Talking to my 89-year-old grandmother recently, she began to recount a story from her high school years about sun poisoning. As a teen, her parents drove her from their home in Toledo, Ohio to Michigan where she was to spend the entire summer working at a camp for marginalized youth.
She talks about how, after a week of being outside nonstop, her fair skin had not just burnt, but essentially charred. They took her to the camp doctor who told her, “You can either go straight home to your doctor or go straight to the hospital… but you cannot stay here.”
So, one week into her summer job at the camp, she was on her way home to rest and recover from an extreme case of sun poisoning. She can describe it vividly—the blistered skin, the high fever, the chills so severe she could barely talk.
I’ve heard this story many times but this last time, something else stuck with me. In addition to how truly awful the sun poisoning sounds, there’s another factor that I’ve never considered until recently: it wasn’t part of her plan.
She was a high school student who made plans to spend the summer working at a camp in Michigan. She was there for a week, forming friendships and learning the work. And then, she went home. Gone. Done.
Most recently, when I listened to her tell the story some seven decades later, I thought about how tough that might have been on a teenage heart. I jumped back to my high school years (only one decade out) and remembered that bitter sting of missing cross country races because of an injury.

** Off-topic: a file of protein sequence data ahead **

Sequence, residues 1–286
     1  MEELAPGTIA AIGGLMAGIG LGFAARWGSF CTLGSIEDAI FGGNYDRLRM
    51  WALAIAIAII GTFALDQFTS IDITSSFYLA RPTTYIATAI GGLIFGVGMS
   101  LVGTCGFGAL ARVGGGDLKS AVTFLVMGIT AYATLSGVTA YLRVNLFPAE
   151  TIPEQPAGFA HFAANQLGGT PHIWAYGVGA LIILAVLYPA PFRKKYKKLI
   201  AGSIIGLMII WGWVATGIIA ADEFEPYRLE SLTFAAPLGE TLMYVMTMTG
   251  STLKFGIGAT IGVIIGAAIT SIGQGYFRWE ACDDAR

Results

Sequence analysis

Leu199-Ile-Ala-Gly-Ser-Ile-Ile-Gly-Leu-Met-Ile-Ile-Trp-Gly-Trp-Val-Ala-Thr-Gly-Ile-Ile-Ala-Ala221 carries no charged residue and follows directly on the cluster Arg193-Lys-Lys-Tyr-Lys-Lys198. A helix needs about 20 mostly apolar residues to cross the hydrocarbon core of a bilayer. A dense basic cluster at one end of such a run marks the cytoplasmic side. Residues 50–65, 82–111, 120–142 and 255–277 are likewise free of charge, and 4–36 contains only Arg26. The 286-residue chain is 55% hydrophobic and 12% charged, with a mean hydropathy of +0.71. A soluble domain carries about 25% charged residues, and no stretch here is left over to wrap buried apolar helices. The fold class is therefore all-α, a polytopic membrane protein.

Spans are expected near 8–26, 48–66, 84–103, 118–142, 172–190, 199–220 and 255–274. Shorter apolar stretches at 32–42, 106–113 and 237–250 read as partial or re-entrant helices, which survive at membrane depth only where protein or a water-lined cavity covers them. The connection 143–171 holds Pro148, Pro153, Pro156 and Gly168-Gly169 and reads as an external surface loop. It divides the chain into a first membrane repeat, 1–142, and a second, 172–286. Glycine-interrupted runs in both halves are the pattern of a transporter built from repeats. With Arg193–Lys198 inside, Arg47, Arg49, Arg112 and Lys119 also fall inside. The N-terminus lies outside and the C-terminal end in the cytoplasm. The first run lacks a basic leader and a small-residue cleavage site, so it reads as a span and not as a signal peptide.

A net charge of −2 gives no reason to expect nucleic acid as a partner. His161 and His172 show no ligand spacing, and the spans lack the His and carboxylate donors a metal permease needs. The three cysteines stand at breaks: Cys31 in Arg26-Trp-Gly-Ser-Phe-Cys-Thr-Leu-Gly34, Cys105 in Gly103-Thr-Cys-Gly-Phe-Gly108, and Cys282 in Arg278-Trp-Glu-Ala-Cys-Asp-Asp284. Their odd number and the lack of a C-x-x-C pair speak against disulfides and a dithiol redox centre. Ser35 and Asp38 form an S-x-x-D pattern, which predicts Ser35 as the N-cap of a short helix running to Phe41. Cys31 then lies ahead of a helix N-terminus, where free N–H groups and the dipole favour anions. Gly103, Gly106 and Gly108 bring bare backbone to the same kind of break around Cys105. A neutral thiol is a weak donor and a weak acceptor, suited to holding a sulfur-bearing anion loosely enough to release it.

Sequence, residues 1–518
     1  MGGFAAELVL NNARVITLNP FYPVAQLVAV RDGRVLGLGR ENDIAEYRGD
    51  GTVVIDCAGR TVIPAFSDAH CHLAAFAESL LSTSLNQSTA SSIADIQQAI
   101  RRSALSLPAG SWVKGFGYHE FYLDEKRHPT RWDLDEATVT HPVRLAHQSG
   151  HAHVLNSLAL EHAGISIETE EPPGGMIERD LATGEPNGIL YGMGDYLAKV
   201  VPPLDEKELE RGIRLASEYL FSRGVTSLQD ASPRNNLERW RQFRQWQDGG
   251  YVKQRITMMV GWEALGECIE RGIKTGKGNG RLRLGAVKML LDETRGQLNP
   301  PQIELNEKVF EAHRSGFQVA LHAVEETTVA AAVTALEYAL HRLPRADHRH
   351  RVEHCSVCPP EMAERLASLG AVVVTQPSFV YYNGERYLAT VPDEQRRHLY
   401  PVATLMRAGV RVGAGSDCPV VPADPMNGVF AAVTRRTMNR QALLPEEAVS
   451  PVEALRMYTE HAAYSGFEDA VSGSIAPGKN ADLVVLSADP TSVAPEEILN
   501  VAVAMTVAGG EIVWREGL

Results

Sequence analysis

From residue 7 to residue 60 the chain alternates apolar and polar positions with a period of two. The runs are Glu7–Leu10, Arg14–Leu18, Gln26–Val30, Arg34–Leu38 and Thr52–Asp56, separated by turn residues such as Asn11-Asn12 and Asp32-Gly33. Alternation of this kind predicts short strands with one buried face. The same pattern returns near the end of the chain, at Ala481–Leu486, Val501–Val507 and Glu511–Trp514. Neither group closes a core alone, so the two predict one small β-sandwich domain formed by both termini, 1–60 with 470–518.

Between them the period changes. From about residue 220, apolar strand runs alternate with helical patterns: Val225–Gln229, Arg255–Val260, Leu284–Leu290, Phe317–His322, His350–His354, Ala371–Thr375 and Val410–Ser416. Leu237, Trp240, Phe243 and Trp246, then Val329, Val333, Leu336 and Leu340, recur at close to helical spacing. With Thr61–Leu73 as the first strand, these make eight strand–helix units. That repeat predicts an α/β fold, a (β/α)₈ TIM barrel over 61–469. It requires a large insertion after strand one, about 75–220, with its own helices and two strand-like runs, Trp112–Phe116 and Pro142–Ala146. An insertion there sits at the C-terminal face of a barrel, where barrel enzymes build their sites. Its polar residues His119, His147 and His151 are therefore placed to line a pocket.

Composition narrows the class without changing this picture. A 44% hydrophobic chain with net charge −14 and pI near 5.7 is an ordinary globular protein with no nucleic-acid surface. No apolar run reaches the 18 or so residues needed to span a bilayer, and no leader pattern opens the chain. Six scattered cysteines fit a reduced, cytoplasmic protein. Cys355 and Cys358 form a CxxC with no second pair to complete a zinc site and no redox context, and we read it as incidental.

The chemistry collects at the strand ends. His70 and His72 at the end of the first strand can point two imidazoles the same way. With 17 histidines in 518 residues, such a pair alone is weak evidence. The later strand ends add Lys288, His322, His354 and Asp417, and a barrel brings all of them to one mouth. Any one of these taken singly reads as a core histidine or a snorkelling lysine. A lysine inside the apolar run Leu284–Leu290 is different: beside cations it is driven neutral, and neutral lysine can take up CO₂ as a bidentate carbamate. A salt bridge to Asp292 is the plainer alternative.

Yes, the sun poisoning is the bigger story. Yes, her physical health far superseded the singing of a campfire song. But I can’t help but wonder if she was disappointed to leave camp. If it was hard to leave new friendships and opportunities.
You can know something is for the best and still be upset. You can know you’re making the right choice and still be hurt by it. You can feel confident in your actions as your heart is breaking.
And at the same time, talking with my octogenarian grandmother keeps me grounded in the perspective. What may be disappointing at 26 is only a blip of a story in a (if I’m lucky) long lifetime.
I don’t mean to invalidate my high school heartbreaks or early-twenties woes but I’ve come to so truly understand, through spending time with older family members and friends, that every experience worth living becomes a story worth sharing—even the painful ones.
It might not be part of your plan. But maybe someday, you’ll recount this moment where you course corrected and changed everything. Maybe someday you’ll look back at these little turning points, in attitudes, behaviors, locations, jobs, relationships, and so on and feel a moment of peace. You could have lived any life. But you are here. In this one. Lean into it.